Government officials shut down Christmas Mass celebrations in the Archdiocese of Fuzhou under the pretext of “keeping stability.”
It took only one line of a hymn before a priest was forced to end a Christmas mass, thanks to the ongoing closures of Underground Catholic Church meeting venues in the Archdiocese of Fuzhou, in China’s southeastern province of Fujian.
Over the Christmas season, three underground Catholic churches in Fuzhou were raided and suppressed by Chinese authorities. And on Christmas day, more than 1,000 believers were driven from a mass on Zhongting Street in Fuzhou city.
“Why did you come here in the evening? Get out, get out. You can’t hold a mass. You can’t enter,” sub-district office personnel told the believers. “You shouldn’t be doing this in the first place.”
After saying this, eight police officers stormed into the church, shouting at the members of the congregation there, threatening to turn off the electricity. It was a threat they quickly followed up on, turning the church into complete darkness.
Sub-district office personnel are dispersing the believers:
After the believers were dispersed, someone who appeared to be the head of the sub-district office arrived, asking whether the priest held mass, to which a smug official who participated in expelling believers from the church proudly answered in the negative, saying it wasn’t held because he intervened and called the police.
“We’ve done what the National Security Brigade should have done [referring to restricting the church from holding Christmas activities],” the official said.
On Christmas Eve, authorities from Gushan town under the jurisdiction of Fuzhou city mobilized roughly 100 grassroots police assistants and over 100 special police officers to control the Haiyan Catholic Prayer Hall and prevent it from holding a worship service. Police tape was wrapped around the meeting hall – covering a distance of tens of meters. According to witnesses, due to a large number of people that were willing to come to the Christmas Eve Mass, the authorities had distributed special admission cards to enter the church, limiting the number of worshipers to about 300.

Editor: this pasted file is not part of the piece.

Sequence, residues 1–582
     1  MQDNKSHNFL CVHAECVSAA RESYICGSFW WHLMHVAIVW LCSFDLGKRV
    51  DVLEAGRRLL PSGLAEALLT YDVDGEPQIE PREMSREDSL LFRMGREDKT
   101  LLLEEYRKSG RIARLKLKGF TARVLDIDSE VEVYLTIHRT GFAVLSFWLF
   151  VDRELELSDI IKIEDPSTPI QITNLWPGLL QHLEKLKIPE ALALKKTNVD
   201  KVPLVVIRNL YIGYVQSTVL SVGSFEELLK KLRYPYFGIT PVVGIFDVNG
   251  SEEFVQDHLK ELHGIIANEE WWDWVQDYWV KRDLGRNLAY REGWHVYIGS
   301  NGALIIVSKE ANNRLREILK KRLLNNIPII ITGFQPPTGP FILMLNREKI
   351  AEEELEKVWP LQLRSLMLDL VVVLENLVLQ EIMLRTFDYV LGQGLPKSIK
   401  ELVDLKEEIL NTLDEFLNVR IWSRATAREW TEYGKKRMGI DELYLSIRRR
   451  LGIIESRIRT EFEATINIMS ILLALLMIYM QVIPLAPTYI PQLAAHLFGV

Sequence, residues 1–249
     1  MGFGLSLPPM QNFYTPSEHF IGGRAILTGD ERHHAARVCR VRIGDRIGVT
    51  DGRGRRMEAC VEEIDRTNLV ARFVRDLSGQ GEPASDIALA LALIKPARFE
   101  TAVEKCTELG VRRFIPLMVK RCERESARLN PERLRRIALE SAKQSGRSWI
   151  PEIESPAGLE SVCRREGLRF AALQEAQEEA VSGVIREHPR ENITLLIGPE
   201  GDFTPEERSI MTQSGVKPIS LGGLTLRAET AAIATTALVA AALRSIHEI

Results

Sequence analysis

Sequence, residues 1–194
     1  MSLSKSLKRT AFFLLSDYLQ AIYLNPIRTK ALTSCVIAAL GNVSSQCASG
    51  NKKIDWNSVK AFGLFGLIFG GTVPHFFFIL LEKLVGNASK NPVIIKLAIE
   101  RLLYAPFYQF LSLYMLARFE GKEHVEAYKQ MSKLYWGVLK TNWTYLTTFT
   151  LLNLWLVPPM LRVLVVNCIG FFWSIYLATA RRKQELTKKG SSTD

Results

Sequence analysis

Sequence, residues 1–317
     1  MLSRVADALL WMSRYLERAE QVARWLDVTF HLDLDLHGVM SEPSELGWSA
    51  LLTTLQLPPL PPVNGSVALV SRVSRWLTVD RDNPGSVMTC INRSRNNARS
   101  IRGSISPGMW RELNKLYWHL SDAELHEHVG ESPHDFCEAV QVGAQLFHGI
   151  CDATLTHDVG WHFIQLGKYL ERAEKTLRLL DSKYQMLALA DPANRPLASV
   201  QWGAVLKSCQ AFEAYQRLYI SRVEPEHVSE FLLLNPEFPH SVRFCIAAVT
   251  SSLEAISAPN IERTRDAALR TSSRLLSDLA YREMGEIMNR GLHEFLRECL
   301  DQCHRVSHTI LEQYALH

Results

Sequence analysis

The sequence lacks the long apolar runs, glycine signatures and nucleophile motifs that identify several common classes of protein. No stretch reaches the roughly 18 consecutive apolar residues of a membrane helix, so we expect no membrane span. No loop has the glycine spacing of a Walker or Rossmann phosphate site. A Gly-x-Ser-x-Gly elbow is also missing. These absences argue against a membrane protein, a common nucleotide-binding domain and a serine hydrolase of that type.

One church member told Bitter Winter that half of the seats inside the church were removed, and eight people were limited to sitting on one row of chairs. During the Mass, officials continuously entered the church to inspect and take photos. That evening, only one Mass was allowed to be held.
Prior to this, Fuzhou city’s Nanhu Community Catholic Church, which has previously been raided and harassed, was also once again restricted over the Christmas period. The authorities canceled all of the church’s Christmas Eve and Christmas Day meetings and events under the pretext of “maintaining stability.”
These incidents confirm that the Vatican-China deal of 2018 is not leading to a greater opening towards the Catholic communities in the so called Underground Catholic Church. The CCP simply asks them to join the Patriotic Catholic Church, and sometimes not even this is enough to avoid restrictions and harassment.
Reported by An Xin